Four years later, on the night of November 22, as McMillan followed news coverage of the assassination in Dallas from Cambridge, Massaschusetts, charges began to emerge that Oswald was responsible for shooting Kennedy. McMillan was astonished. “My God,” she said, “I know that boy!”
Read more.

theatlantic:

The Only Person Who Knew Both Kennedy and His Killer

The 50th anniversary of John F. Kennedy’s assassination has drawn all manner of retrospectives. But for one woman, the memory of tuning in to the news coverage is particularly poignant. Priscilla Johnson McMillan is the only person who knew both President Kennedy and his killer.

McMillan worked for Kennedy on Capitol Hill in the mid-1950s, when he was a U.S. Senator, advising him on foreign policy matters. She then moved into journalism and in 1959 was stationed in the Soviet Union, reporting for The Progressive and the North American Newspaper Alliance. It was there that she met a 20-year-old American called Lee Harvey Oswald. He was staying in her hotel while trying to defect to the Soviet Union.

McMillan interviewed him. Oswald proceeded to critique the American system and informed her that he was a follower of Karl Marx. “I saw,” he said, explaining why he left the U.S., “that I would become either a worker exploited for capitalist profit or an exploiter or, since there are many in this category, I’d be one of the unemployed.” On that night in Moscow, Oswald also told McMillan that he had a life mission: “I want to give the people of the United States something to think about.”

Four years later, on the night of November 22, as McMillan followed news coverage of the assassination in Dallas from Cambridge, Massaschusetts, charges began to emerge that Oswald was responsible for shooting Kennedy. McMillan was astonished. “My God,” she said, “I know that boy!”

Read more.

onthecredenza:

Buffalo chicken, sausage and cheese pizza for dinner.

onthecredenza:

Buffalo chicken, sausage and cheese pizza for dinner.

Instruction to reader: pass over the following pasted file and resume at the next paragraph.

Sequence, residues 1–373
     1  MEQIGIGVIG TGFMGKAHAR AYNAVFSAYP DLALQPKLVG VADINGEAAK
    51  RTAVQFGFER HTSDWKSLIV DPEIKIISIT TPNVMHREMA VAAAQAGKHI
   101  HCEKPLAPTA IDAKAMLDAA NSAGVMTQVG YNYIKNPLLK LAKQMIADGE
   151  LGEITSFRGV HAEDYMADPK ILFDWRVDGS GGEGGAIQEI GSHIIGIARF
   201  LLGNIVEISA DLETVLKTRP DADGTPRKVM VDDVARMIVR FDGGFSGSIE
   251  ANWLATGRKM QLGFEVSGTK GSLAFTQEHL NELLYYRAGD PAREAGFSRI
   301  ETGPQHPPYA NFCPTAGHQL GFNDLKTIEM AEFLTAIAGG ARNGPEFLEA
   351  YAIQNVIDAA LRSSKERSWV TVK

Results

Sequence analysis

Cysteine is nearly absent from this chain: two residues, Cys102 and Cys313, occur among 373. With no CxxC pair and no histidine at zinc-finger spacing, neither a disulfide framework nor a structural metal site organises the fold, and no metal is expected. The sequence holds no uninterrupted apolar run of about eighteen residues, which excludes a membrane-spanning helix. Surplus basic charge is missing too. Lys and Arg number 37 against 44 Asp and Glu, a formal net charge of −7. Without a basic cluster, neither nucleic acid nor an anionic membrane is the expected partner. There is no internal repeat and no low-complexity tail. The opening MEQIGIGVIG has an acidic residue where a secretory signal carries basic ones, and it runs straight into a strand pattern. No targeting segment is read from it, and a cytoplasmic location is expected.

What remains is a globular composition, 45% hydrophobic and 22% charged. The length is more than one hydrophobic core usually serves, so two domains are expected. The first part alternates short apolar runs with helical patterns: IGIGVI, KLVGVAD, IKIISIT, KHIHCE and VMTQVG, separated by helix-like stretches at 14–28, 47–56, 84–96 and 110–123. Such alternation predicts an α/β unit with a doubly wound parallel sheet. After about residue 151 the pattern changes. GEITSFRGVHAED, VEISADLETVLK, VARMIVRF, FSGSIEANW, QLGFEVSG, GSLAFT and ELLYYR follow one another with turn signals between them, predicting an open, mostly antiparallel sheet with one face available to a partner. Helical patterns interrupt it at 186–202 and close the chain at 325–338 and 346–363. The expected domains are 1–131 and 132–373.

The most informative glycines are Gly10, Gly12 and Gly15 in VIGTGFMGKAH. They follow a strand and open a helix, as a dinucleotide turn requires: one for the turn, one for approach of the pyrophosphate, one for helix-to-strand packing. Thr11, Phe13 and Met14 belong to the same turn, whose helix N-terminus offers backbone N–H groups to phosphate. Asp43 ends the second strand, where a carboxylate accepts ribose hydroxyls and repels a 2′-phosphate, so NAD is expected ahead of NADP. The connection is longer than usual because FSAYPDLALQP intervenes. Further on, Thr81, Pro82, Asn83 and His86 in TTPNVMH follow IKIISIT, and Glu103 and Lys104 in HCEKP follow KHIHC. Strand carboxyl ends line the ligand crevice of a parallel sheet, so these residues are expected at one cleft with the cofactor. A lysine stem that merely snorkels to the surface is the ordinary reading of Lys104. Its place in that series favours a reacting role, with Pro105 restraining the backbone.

todaysdocument:

"To the People of the Trans-Miss. Department"
The Confederacy depended on enslaved people to build fortifications, cook, drive supply wagons, work in hospitals, and produce munitions. Slave labor also planted and harvested many Southern crops, especially when white males were away fighting. The Union’s decision to emancipate, enlist, and arm black men was an enormous threat to Southern independence. This broadside urged owners to move their slaves away from the advancing Union Army and contribute their “servants” to the cause.

Broadside “To the People of the Trans-Miss. Department”, 09/15/1863.  From the War Department Collection of Confederate Records

via DocsTeach

todaysdocument:

"To the People of the Trans-Miss. Department"

The Confederacy depended on enslaved people to build fortifications, cook, drive supply wagons, work in hospitals, and produce munitions. Slave labor also planted and harvested many Southern crops, especially when white males were away fighting. The Union’s decision to emancipate, enlist, and arm black men was an enormous threat to Southern independence. This broadside urged owners to move their slaves away from the advancing Union Army and contribute their “servants” to the cause.

Broadside “To the People of the Trans-Miss. Department”, 09/15/1863.  From the War Department Collection of Confederate Records

via DocsTeach